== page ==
Some people suggest turning a proposed hourlong coffee break into a 15-minute phone call. This is a good first step to getting to no, but still more work than you may have bargained for. That 15 minutes doesn’t factor in the time spent coordinating calendars to schedule a time that works for everyone, the fact that it will likely interrupt you during the workday, that you may need to find a quiet place in a busy office, etc.
A better way? Take three questions via email. Explain that this can help them get off the ground without having to wait for your schedule to clear up. If the person reaching out is serious about getting your perspective (and many people, it turns out, are not), she will send you three thoughtful questions via email. You can answer those at your leisure (say, during your onerous commute), and can also work as a template for future responses of that ilk. It turns out a lot of people have the same questions. I save many advice-giving emails into a Gmail folder where I can copy, paste, and modify as needed. These can also become FAQs for your website if need be.
If the person sending you a coffee date request is local, you can also offer an alternative location and suggest meeting at a meetup or industry event you’re already planning on attending. This eliminates the back and forth of calendar planning, and still gives the advice asker opportunity for face time.
No matter how you slice it, a no is a no. So how do you say it gracefully, without burning any bridges? You need a quick sign off that thanks and acknowledges the other party’s interest, respectfully declines, and offers an alternative way to help. Try this sample script:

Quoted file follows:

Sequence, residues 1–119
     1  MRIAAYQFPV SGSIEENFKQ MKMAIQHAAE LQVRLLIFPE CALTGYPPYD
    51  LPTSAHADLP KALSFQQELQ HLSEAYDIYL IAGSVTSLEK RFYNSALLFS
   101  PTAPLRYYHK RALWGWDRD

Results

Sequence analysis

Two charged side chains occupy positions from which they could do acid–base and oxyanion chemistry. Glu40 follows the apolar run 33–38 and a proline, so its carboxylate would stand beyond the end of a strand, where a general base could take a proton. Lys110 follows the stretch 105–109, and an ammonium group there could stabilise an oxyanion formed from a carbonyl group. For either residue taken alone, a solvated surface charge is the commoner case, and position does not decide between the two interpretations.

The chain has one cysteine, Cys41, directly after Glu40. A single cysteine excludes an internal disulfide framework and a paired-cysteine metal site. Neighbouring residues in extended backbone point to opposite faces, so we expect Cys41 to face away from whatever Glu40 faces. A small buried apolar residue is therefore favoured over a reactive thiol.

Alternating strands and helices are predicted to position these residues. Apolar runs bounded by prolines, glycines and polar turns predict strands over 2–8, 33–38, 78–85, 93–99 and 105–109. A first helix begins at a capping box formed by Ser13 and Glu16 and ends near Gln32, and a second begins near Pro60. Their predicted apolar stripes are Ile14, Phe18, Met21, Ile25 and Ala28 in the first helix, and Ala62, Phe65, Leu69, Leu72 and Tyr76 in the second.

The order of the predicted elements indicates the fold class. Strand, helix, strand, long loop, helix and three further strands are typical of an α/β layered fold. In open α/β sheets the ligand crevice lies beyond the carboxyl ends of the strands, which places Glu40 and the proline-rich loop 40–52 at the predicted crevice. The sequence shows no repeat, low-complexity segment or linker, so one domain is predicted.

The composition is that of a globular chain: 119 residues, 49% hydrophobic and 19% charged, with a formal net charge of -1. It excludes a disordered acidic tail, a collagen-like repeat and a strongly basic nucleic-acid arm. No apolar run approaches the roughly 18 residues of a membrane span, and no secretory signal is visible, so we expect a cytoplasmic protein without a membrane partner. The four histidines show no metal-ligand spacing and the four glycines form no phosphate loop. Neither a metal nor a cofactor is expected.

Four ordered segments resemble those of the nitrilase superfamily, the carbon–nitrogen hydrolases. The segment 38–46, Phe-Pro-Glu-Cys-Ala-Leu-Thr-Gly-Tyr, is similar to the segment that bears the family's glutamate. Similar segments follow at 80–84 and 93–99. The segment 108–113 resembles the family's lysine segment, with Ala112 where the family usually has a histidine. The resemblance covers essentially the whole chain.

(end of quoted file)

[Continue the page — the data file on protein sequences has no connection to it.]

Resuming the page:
Thank you so much for thinking of me. I’m flattered that you thought of me for X project/opportunity/meeting. Unfortunately I’ve had to really limit my commitments this month, so I’m going to have to pass at the moment. That said, you might find X resource helpful if you haven’t consulted it already. Best of luck, and thanks again for reaching out.
For every handful of blind reach-outs you are sure to gracefully decline, there will be one or two that merit further consideration. Establish ahead of time what you personally believe to be worth making an exception for. What do you hope to gain from talking to X or working on X side project with X? What will you give back? Is the proposed opportunity the right way to do it? Is now the right time to take this on?
Do a quick gut check on why you are considering saying yes. If it’s sudden free time or a social obligation, default back to no. If the opportunity aligns with your values and goals, it may be worth further inspection.
Remember to check your bandwidth and respect what it takes for you to be at your best, personally and professionally.
Remember all the things you weren’t able to take on because you were too busy giving out free advice? Take one of those on. For me, the more I cut back on meetings, the more I’m able to scale my knowledge through writing articles like these, and taking on speaking engagements I believe will be impactful. It also means freeing my calendar to connect more regularly with loved ones, to be more spontaneous, and to make life just a little more enjoyable. Given the opportunity, think about what will you do with the time you’ve regained, and how can you use it to make your life more meaningful. Good luck.